“Social Intelligence” by Daniel Goleman

Daniel Goleman became well-known through his book Emotional Intelligence (EI) in the mid 1990’s. There he explored the impact and importance of emotions and – later on – their influence on leadership. In his new book he takes us on a tour of major developments in neuroscience since EI that show us how our brain’s design makes it sociable and how we are drawn into a brain-to-brain link-up whenever we engage with another person. This link-up allows us to affect the brain, and thus the body, of anyone we interact with and they us.

The book explains how social intelligence develops and its impact. Many of the examples will be familiar to readers of Gladwell’s “Blink”, since many of the experiments described there are viewed from another perspective. Much of the research reported stems from the medical, educational and correctional fields, giving food for thought about how (in-)effectively society is organised. For example, research shows the positive effect on a partient’s well-being that a doctor has by entering into an “I-You” rather than an “I-It” relationship, i.e. treating them as a person. A couple of days after reading about this, a friend of mine was told in an off-the-cuff remark that her husband’s tumour was malignant rather then benign. Very “I-It”.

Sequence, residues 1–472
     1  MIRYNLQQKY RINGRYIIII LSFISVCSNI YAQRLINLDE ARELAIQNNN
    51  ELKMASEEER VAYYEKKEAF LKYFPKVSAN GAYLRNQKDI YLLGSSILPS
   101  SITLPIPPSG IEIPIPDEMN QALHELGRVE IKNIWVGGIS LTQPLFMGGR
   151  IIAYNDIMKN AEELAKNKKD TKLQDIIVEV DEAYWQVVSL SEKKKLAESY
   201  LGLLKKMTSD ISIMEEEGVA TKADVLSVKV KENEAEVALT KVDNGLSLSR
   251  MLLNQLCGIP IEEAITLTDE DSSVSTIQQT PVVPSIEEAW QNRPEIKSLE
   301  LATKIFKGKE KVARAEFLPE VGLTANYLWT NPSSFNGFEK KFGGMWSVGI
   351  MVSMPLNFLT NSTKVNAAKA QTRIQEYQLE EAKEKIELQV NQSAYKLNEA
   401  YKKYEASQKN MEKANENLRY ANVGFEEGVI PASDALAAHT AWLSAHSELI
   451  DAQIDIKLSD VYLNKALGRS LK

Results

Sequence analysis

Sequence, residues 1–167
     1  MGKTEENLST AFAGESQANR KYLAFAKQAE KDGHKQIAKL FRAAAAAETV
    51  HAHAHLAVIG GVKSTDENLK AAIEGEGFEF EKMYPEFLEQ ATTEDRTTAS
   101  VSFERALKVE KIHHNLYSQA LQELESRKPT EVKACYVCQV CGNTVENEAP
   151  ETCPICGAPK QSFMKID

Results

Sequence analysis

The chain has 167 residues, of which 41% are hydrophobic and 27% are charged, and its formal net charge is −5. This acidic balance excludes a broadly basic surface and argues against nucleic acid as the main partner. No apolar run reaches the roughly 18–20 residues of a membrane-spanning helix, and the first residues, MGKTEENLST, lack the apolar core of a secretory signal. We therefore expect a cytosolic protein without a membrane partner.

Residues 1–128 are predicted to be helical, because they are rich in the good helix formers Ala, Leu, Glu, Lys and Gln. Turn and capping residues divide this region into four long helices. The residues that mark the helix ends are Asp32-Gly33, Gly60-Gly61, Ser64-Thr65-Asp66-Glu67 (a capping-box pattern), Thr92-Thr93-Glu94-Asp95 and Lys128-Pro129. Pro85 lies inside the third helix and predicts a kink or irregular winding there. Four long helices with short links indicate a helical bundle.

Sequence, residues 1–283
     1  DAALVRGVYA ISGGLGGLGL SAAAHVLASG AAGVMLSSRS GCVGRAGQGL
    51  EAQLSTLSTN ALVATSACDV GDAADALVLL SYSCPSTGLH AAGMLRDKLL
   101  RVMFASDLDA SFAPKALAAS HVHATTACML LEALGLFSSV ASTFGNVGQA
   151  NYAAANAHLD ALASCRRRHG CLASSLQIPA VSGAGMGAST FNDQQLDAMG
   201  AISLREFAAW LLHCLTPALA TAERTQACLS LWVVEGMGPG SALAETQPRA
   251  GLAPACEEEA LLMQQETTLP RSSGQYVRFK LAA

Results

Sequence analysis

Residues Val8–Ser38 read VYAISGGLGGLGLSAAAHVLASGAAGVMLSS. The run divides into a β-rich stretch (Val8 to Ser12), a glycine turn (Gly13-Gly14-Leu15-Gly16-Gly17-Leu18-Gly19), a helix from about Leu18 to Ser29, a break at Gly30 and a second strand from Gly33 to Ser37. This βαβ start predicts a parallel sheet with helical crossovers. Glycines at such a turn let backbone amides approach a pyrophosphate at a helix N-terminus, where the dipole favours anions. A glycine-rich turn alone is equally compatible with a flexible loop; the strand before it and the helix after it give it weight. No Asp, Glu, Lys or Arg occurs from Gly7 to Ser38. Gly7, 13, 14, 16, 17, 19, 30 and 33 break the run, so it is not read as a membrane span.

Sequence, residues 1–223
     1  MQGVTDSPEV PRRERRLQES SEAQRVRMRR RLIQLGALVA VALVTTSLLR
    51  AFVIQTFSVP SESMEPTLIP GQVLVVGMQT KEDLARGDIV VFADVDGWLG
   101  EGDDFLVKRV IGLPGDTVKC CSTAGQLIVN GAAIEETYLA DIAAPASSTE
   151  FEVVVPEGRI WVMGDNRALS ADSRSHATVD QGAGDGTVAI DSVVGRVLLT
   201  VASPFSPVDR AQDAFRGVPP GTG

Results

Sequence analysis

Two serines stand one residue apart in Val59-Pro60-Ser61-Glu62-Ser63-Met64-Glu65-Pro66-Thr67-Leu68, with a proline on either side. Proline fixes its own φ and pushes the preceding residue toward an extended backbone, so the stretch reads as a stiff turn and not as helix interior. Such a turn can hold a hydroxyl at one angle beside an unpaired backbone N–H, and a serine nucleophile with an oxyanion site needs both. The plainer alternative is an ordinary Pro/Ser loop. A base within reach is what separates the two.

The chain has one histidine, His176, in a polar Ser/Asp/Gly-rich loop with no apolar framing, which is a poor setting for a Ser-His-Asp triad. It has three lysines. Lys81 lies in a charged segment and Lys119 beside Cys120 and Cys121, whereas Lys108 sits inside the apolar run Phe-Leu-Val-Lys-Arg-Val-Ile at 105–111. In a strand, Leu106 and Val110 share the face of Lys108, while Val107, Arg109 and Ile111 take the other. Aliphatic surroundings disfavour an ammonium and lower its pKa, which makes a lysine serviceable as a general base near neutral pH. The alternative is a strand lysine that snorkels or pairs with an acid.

The book doesn’t spend too much time on leadership (roughly pp 275-281). What it has to say gives food for thought. Three points to focus on:

  1. Many leadership theories are based on the idea that people pay more attention to that the most powerful person does an says. Goleman reports research and anecdotes that show how a leader’s emotional state is infectious. One study reported that the team’s effectiveness and performance correlates to the team leader’s mood. Even worse, a boss in a bad mood leads to panicked efforts to please them, resulting often in poor decisions and strategy selection.
  2. Employees more easily recall, and in more detail, negative interactions with a boss than positive ones. Thus it’s easier to spread demotivation. If only for business reasons, it makes sense for a leader to react with empathy rather than indifference.
  3. People feel secure around bosses who are trustworthy, empathic and connected, who make them feel calm, appreciated and inspired. Thus it is necessary the leaders learn how to shield their staff and buffer the pressure that comes from above in the organisation. This needs to be balanced against aneed to help people grow and take on more challenges, which is easier to do in a secure environment.

Goleman offers a challenge to leaders everywhere – good leaders will do well to take it up.

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